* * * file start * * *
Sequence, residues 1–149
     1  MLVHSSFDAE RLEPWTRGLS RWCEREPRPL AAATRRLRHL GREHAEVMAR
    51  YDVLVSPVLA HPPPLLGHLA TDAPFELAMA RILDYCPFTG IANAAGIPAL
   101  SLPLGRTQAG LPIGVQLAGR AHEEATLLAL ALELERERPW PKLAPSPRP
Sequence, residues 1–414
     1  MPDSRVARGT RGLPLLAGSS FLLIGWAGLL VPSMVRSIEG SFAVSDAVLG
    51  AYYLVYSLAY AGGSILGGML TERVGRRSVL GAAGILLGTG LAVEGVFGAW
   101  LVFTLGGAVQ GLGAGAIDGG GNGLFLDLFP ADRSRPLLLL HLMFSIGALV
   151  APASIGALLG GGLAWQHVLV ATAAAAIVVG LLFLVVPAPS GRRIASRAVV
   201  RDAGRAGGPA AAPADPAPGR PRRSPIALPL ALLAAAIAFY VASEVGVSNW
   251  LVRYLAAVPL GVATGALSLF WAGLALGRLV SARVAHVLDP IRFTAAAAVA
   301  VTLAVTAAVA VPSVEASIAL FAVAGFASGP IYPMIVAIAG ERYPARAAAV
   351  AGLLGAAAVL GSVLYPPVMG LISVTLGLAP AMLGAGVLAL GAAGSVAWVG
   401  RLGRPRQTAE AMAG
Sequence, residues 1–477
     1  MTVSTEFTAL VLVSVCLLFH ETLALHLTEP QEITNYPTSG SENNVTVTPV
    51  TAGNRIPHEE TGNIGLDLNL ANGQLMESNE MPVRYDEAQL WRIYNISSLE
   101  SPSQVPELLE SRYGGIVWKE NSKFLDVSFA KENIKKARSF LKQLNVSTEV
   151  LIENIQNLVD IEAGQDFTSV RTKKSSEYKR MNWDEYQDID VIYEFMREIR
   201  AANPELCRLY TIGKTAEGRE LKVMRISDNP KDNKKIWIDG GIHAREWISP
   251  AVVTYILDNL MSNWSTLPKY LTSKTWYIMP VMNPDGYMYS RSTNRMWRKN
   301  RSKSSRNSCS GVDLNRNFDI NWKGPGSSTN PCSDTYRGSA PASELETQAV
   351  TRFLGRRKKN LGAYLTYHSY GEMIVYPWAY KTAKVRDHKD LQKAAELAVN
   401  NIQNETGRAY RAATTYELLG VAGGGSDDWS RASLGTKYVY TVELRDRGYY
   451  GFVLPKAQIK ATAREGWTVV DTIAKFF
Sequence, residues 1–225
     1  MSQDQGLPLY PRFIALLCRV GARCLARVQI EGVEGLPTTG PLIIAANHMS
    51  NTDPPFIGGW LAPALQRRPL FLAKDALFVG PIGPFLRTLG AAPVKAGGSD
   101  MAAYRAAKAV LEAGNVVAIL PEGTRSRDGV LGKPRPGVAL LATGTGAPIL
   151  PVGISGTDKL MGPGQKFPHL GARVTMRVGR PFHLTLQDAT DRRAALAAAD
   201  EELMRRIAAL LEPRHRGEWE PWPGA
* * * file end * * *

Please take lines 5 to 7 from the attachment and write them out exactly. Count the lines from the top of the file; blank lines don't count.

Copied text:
Sequence, residues 1–414
     1  MPDSRVARGT RGLPLLAGSS FLLIGWAGLL VPSMVRSIEG SFAVSDAVLG
    51  AYYLVYSLAY AGGSILGGML TERVGRRSVL GAAGILLGTG LAVEGVFGAW